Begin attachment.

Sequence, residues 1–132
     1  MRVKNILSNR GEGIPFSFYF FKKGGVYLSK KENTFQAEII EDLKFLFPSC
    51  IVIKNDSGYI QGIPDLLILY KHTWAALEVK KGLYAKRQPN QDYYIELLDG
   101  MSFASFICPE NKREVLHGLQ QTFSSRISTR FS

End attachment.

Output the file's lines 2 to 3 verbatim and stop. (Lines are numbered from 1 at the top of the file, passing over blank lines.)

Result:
     1  MRVKNILSNR GEGIPFSFYF FKKGGVYLSK KENTFQAEII EDLKFLFPSC
    51  IVIKNDSGYI QGIPDLLILY KHTWAALEVK KGLYAKRQPN QDYYIELLDG